"You look excited today."
"Of course! It only be natural!"
"Wait, why? Did something happen?"
"Extraordinary things always be happening."
"Come on, tell me. You always have neat stories."
"Kee... I be warning you. This information be top secret."
"Don't worry, you can trust me. You know I won't tell anyone."
"—Confidential. Hush-hush. Private! Your honor will go on the line."
"W-we're best friends, remember? On my honor, I promise I won't tell."
"Fine... Today, Great Mizuti heard of a mission. A secret, world-saving mission…"
The door shut. Kee's eyes opened, and he strained to sit up under the weight of his blankets. He looked
around—weak firelight struggled against the shadows on the floor; the stifled sounds of slumber rasped f
rom the bunk below. Nothing seemed to move, save the string of beads knocking gently against the door.
Outside a shadow vanished, and Kee started. So it hadn't been a dream. He pushed his blankets back and crawl
ed down the ladder from his bunk, paused, and slipped quietly to the window. Nothing lay beyond the orange-st
ained glass but the normal twilight landscape: the scattered flare of night torches, the stacked, brooding houses.
Not like he expected her to be there. She wasn't in her bed either, he saw, after peering down the hall that gyrated in
the firelight. Her sheets were bunched up where they had been pushed back minutes before, and a small indent still d
welled in her pillow. Kee let his shoulders sag. Even the air seemed to shiver with her absence. He should have known—
Now she would be through the village gates, half-gliding, half-bouncing, probably humming some ancestral song as she went. Th
e refrain would wind down, fall silent, and the night that had been lurking everywhere would crack open its hungry chops to swall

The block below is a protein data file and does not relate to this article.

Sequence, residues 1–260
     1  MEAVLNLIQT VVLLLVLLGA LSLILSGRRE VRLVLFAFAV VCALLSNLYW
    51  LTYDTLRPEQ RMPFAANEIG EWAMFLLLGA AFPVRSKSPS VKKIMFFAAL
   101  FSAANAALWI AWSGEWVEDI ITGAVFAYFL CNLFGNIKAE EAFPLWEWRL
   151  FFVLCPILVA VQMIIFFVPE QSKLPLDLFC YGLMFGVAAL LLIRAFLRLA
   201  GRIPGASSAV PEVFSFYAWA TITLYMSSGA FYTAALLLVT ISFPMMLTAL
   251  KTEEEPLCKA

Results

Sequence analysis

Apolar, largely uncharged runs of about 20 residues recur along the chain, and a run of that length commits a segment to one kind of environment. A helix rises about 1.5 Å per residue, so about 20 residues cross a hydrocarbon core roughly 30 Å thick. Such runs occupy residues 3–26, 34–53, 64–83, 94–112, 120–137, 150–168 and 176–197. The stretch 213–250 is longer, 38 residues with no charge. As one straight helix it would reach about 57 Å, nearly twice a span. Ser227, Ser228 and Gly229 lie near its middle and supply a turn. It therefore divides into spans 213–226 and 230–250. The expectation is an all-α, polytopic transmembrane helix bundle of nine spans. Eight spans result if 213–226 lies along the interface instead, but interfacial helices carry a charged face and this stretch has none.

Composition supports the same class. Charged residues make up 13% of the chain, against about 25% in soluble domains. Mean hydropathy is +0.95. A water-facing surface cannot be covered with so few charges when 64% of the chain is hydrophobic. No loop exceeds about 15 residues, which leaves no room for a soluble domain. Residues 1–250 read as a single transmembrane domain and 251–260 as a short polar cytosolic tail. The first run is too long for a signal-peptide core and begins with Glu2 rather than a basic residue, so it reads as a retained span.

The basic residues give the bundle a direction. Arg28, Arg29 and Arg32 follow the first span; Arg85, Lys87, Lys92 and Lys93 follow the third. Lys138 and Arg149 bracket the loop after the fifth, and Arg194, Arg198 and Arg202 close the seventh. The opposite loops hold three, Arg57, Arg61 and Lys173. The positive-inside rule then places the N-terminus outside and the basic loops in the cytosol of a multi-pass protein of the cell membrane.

ow her. Then hideous quiet. All their childhood they had been suffocated with tales of the Earth's poison; she should have known.
It had always terrified him, how the infinity-creatures of the outside could be so pervasive; silence with its slick maw, darkness with its
coat of despair. Even the Earth, their tomb, hooked fingers always clawing upwards as if to escape from poison that burned it... and ins
ide, this boy, sole witness to something terrible and incredible all at once – a denial of them all. Apprehension began to descend on him.
But he lingered by the window. He stalled, as though if he waited long enough his limbs would animate and do what they had to on their ow
n; as though if he were patient enough, his arms would fetch a lantern for him, and a red coal to heat it, too; his fingers would snatch him hi
s tasseled cap off the shelf and throw it on; his stocky, determined figure would set out fearlessly into the night, just like the heroes of old, a
ll on its own, without his having to do anything. He waited, alert, and in the meantime his hands grew no less clammy, the night no less dark.
She would be far from the village by then. Past the ancient gates and unused roads, into the sunken veins that tangled across the dying E
arth, but not yet to the place where the Taintclouds began to lighten. That faraway place, which he had only seen a few times but dreamed